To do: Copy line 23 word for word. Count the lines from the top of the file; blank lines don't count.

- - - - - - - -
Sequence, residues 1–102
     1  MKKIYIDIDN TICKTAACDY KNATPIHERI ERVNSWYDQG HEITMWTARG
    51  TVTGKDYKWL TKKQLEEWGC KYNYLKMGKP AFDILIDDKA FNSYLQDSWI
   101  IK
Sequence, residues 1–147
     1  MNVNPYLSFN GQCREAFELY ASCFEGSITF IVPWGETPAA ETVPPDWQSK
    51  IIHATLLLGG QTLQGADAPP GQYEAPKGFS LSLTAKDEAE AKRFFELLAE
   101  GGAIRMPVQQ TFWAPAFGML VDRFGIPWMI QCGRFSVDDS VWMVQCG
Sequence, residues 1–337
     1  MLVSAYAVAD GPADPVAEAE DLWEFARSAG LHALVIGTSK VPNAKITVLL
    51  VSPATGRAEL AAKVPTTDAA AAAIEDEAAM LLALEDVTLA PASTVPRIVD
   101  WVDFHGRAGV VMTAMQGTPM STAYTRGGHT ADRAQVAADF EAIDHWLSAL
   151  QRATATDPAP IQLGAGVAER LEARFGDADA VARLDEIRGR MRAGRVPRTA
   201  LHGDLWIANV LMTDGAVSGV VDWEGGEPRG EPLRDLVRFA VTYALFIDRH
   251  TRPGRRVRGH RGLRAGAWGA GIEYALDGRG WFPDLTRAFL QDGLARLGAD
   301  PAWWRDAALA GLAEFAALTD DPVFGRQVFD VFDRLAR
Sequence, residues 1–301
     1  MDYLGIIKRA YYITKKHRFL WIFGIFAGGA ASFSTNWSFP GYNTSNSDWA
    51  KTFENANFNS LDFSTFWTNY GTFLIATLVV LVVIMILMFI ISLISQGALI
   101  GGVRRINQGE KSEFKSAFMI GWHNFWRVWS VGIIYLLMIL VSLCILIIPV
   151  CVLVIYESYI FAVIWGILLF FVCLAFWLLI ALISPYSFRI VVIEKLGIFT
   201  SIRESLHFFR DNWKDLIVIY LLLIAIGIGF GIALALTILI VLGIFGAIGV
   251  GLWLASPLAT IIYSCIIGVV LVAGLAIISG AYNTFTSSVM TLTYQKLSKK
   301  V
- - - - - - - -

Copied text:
   251  GLWLASPLAT IIYSCIIGVV LVAGLAIISG AYNTFTSSVM TLTYQKLSKK